Could our dollar see US$1.20?
by Peter Switzer
Here’s a bold prediction that could spook investors — the Oz dollar could go higher than US$1.10 and could even head towards US$1.20!
This is the bold possibility put forward by Marcel von Pfyffer, an economist with RBS Morgans in Brisbane. But it doesn’t mean that our share market will have to languish behind Wall Street as it has in the past year.
Marcel says the context of such a spike would be with the prices of the commodities we sell going much higher and this would drive up many of the stocks that fuel our index — BHP Billiton, Rio Tinto and the like.
By the way, he argues that the US slowdown is temporary, and better growth will resume in the second half of 2011.
He contends that there’s a much higher correlation with our stock market and Wall Street than before the GFC and so is optimistic that our share prices have a positive outlook.
Going back 30 years to the GFC, the correlation of annual returns out of our stock market with the US counterpart was around 44 per cent but since the GFC it has shot up to 86 per cent!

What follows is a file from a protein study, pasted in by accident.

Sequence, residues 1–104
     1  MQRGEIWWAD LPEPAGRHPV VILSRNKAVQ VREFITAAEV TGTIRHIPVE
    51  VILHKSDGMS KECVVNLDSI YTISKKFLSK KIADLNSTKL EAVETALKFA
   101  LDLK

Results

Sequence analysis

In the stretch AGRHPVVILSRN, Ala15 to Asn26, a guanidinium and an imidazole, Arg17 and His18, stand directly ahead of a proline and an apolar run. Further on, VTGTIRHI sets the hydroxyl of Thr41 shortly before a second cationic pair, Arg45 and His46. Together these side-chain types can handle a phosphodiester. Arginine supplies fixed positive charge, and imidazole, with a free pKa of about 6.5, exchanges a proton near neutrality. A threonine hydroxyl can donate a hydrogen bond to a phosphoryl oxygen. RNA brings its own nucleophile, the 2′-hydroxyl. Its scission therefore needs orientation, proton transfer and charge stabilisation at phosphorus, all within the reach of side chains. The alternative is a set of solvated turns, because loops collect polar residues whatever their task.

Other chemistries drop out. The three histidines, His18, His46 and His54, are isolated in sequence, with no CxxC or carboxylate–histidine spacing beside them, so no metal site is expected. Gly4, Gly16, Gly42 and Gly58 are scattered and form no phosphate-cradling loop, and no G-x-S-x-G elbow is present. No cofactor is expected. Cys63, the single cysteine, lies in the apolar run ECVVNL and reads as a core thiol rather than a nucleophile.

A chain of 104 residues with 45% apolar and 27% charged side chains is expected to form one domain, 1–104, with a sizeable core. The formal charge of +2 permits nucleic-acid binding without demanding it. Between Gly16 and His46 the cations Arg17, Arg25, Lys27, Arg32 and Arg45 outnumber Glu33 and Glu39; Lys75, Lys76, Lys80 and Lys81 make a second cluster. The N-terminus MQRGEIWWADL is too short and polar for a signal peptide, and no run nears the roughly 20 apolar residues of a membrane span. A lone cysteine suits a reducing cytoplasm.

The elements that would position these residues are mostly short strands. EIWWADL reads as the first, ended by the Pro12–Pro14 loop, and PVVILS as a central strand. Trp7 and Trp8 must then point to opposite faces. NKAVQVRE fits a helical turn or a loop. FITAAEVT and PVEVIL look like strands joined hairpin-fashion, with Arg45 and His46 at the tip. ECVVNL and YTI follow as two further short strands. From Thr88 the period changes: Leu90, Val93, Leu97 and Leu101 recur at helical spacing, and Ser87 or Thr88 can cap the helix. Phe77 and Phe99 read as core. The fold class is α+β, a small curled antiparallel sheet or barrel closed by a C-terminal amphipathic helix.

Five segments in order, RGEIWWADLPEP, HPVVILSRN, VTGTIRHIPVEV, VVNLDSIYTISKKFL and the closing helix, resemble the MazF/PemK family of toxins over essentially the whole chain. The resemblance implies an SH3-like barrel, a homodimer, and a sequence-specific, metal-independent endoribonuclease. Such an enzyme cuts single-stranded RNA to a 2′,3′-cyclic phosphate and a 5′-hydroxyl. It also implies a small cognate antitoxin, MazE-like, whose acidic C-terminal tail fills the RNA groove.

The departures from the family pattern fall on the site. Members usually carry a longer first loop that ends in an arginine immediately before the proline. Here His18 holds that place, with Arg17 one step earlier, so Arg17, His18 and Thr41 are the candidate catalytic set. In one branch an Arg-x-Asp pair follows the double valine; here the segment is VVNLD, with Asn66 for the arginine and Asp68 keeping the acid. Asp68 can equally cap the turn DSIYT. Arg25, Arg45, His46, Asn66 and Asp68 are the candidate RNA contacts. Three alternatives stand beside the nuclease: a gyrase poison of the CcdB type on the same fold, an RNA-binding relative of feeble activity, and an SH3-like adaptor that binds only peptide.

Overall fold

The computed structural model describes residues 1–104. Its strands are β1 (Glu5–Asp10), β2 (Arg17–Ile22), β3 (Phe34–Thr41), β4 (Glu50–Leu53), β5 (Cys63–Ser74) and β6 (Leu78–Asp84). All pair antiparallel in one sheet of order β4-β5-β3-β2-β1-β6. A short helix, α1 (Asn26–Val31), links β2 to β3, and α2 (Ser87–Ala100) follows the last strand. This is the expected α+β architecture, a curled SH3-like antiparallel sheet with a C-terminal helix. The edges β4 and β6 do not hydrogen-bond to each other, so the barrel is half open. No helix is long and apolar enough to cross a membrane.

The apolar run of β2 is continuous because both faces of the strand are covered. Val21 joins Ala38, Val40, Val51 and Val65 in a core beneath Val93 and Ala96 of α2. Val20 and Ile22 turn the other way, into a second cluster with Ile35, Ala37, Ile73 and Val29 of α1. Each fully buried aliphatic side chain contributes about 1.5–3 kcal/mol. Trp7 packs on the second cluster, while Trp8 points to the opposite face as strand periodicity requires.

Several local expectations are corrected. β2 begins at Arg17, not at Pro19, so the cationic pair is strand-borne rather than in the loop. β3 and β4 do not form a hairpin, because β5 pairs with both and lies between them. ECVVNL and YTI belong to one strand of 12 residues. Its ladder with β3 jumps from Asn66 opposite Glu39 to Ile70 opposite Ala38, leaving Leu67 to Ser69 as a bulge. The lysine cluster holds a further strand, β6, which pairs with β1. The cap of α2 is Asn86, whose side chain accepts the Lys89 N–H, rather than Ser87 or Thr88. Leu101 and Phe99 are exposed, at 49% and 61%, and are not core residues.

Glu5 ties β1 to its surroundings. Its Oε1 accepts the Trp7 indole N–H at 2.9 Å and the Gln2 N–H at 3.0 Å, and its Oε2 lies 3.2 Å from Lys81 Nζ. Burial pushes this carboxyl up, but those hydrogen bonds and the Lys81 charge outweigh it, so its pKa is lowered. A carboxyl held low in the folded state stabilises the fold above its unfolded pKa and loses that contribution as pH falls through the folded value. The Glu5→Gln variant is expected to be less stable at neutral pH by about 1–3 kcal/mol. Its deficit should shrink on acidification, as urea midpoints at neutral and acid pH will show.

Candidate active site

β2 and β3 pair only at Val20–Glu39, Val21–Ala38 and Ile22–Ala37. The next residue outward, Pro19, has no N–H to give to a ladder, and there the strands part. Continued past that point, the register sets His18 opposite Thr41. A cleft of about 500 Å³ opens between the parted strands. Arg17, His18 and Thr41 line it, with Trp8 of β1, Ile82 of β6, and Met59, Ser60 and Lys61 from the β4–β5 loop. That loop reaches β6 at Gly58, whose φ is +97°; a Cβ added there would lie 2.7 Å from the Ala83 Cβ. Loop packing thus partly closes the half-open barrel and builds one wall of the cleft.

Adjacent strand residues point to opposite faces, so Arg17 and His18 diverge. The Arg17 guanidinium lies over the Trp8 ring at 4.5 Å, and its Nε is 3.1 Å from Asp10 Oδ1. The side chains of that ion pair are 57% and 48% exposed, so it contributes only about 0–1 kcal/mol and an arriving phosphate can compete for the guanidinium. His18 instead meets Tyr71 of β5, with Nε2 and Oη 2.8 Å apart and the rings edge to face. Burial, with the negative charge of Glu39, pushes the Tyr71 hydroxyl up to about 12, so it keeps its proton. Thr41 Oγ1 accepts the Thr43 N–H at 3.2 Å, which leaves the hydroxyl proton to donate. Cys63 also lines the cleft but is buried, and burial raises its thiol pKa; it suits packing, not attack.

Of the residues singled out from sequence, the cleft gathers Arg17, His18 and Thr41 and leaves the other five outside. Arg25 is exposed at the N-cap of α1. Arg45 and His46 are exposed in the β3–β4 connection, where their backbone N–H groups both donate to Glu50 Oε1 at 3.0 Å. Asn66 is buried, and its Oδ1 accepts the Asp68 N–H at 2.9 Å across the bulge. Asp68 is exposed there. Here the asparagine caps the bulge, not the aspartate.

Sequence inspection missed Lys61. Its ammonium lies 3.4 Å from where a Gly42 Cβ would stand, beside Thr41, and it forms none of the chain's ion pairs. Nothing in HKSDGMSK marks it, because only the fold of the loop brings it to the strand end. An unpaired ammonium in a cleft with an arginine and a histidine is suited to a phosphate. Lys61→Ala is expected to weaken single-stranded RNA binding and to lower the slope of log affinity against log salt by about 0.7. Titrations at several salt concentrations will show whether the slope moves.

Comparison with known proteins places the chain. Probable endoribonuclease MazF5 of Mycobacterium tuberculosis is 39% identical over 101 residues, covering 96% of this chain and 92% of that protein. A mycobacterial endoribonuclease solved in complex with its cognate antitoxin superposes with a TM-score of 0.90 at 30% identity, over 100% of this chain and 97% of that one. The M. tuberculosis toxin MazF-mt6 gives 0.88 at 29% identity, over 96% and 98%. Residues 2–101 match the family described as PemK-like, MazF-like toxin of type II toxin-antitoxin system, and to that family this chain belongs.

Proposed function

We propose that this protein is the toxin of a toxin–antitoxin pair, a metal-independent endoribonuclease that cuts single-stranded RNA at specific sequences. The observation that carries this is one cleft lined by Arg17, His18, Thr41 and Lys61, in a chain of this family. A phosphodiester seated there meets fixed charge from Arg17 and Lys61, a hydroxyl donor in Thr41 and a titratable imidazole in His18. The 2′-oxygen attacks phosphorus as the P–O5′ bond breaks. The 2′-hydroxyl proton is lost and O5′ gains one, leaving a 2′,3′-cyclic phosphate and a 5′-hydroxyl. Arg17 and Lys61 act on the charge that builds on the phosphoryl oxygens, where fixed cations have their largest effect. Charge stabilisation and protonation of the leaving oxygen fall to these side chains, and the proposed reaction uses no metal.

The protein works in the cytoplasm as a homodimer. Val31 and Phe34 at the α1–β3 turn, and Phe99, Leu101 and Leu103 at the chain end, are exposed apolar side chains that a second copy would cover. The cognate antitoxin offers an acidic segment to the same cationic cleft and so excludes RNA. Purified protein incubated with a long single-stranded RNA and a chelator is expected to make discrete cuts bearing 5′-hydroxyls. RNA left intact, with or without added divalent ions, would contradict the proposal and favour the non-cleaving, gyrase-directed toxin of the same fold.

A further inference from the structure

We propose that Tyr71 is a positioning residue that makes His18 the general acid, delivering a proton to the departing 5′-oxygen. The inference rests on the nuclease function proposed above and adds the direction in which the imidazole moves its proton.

And in the US operating earnings per share are actually back to levels similar to June 2007, which was pre-GFC. Better still, the returns on the US market are now coming out of energy and IT companies rather than artificially bloated finance companies.
He also pointed out that the copper price is important for the earnings of companies in our index. Pre-GFC the correlation of copper price to annual market returns was 15 per cent but now is 58 per cent.
Copper is a great global growth indicator and copper’s outlook is massively bullish.
But we still have the problem that a high dollar turns off foreign investors and hurts our stock market. Marcel says if the US dollar falls and our dollar rises, commodity prices will go up because they’re priced in US dollars.
This will drive up the share prices of those companies predisposed to such commodities and that’s a tip for the likes of BHP and Rio.
Important information:This content has been prepared without taking account of the objectives, financial situation or needs of any particular individual. It does not constitute formal advice. For this reason, any individual should, before acting, consider the appropriateness of the information, having regard to the individual’s objectives, financial situation and needs and, if necessary, seek appropriate professional advice.
Published on: Friday, June 10, 2011
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